Undertree 2018-06-17 11:59:01
28 February 2018
Grand Canyon, South Rim
Growing up, I had little opportunity to travel. Our family could not afford distant vacations but we spent a few long weekends each summer going to the lake to camp, water ski, swim, and play. We’d often take a float trip down a river in Missouri with a group of friends if we weren’t spending time at the lake.
Places like the Grand Canyon were just backdrops to old movie westerns or a picture in our geography text book. I dreamed of seeing these places, but the time it would take from my home town to drive there…. and then what? Do you go all the way there just for a photo?
We woke up at sunrise on the desert side of the canyon in the Kaibab National Forest. It was a brisk 30 degrees, but we had survived the cold, windy night always being comforted by the huge, full moon casting shadows of the small scrubby trees in the forest. Entering the National Park early on the first day of the spring season for tourism was a calm, quiet introduction to the majestic, empty canyon. We traveled from east to west stopping to see the various viewpoints and learning about the wildlife, terrain, and climate.
But by the time we left in the afternoon, something didn’t feel quite right. I had told the boys we always plan to *experience* these places, this nature, the culture. But the South Rim of the Canyon receives more than 4.5 million visitors a year and I have to think only a very small percentage of those people are outdoor enthusiast here to really become part of this beautiful natural wonder. We heard more than six languages just walking around the viewpoints, but until I was behind a girl on a trail that has many stops on the way to the one-mile depth of the canyon, I never had a chance to chat with anyone. And that was a short conversation as she had her parents from Shanghai with her and they couldn’t walk very far on the trail. It wasn’t too crowded this early, but it seemed the goal was primarily to get a selfie or a couple family photos and move on. As I said earlier, I don’t like to be a tourist, and without the time to take a long hike down into the canyon.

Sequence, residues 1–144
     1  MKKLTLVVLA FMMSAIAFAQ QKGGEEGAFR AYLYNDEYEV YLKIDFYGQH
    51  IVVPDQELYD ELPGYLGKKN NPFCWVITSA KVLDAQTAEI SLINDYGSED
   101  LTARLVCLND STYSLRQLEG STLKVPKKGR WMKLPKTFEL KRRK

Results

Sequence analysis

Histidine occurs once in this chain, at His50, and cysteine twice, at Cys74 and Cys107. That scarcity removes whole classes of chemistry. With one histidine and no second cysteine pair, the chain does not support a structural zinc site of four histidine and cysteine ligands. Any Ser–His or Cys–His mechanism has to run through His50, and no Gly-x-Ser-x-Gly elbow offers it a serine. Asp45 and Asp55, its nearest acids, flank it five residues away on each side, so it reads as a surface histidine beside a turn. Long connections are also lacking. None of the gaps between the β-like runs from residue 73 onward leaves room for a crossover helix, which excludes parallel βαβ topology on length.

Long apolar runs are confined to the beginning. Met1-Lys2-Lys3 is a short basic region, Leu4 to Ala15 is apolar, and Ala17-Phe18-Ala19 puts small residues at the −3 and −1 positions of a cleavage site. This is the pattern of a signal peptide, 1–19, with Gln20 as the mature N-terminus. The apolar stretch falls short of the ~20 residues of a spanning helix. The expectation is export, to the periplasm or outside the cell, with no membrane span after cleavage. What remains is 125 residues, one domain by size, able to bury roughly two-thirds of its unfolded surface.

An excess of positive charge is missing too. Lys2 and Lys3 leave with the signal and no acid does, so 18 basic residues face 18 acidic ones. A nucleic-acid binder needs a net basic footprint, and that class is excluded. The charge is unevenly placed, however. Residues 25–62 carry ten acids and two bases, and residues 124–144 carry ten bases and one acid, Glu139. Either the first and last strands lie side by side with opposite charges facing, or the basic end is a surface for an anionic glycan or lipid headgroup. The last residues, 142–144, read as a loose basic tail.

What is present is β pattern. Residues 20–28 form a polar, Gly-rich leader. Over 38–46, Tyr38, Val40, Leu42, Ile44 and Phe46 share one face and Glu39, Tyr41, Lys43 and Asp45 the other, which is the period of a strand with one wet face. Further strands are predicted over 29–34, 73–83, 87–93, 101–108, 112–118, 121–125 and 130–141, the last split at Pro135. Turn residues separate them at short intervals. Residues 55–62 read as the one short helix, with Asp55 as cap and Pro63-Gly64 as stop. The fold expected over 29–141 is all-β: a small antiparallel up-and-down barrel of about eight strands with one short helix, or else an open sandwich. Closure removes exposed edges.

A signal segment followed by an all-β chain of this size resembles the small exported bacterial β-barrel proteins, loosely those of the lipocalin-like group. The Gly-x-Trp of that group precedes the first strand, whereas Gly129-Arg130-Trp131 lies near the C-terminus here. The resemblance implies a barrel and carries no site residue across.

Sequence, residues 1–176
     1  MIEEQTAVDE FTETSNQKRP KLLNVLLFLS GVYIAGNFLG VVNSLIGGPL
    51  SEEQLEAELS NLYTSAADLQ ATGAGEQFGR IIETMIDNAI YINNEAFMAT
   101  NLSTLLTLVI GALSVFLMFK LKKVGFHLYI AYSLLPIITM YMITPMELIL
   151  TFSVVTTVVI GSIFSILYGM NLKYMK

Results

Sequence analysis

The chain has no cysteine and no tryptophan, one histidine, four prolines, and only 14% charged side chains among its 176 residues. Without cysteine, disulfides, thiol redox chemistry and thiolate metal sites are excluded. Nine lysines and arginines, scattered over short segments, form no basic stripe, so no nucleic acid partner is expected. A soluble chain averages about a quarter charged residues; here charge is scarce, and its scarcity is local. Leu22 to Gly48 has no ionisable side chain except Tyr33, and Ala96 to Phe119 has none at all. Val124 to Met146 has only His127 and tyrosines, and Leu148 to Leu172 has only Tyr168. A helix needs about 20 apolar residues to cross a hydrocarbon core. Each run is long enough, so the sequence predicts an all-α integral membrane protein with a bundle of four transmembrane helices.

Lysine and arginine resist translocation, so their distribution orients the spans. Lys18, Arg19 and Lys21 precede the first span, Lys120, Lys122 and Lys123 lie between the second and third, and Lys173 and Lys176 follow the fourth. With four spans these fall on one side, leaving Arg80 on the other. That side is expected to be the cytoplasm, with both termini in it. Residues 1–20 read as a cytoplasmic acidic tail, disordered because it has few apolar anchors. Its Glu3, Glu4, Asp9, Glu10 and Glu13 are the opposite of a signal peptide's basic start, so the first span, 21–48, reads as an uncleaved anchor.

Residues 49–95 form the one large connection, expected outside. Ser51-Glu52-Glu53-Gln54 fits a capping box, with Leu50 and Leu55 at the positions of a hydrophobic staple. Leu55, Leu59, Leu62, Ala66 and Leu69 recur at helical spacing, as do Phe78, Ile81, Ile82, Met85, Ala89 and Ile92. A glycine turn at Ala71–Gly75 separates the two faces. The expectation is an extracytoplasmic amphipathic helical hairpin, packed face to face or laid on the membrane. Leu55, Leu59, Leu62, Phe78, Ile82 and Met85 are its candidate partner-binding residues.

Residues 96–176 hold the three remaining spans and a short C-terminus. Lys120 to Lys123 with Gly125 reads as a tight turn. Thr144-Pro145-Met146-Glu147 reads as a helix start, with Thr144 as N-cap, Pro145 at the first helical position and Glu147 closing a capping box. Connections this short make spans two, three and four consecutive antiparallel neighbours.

On a side note, I think we felt more connected to the canyon reading about ti through the eyes of a wild burro in 1916 and the history of campers, miners, explorers, and adventurers. Reading aloud with our boys is a huge part of our learning and experience together; I think this book has saved my dreams about the Grand Canyon, and I look forward to visiting the North Rim where there are 90% fewer tourists. Maybe this will give us a more authentic opportunity to be part of the canyon.
Let me compare this idea of tourism and experience:
The next day we hiked in Zion National Park in southwest Utah. Once again we headed in early at sunrise to see the changing light on the red and golden rocks and explore before it got too busy. Our first hike up to a viewpoint over Zion Canyon was amazing. But even more refreshing was the people we met along the trail. These were not tourists. Even though we had never met and they came from who knows where, on the trail we were immediately friends. This wasn’t a hard hike, but it wasn’t pavement and you had to earn the view. The people on this trail shared a common bond of loving nature, appreciating the clean, beautiful environment, the quiet and the solitude. These people would say hi, they would stop and let you pass the narrow trail. They would respect your space if you were sitting quietly enjoying the view. They would never drop trash or disturb the trail. We would share resources any help if needed.
Our goal is to experience everything around us, not just see it and document it. True experience comes with time, patience, connection, and a lot of effort. We must engage, listen, wait, and seize opportunities to connect. This is the real backpacking life, the real nomadic adventurer.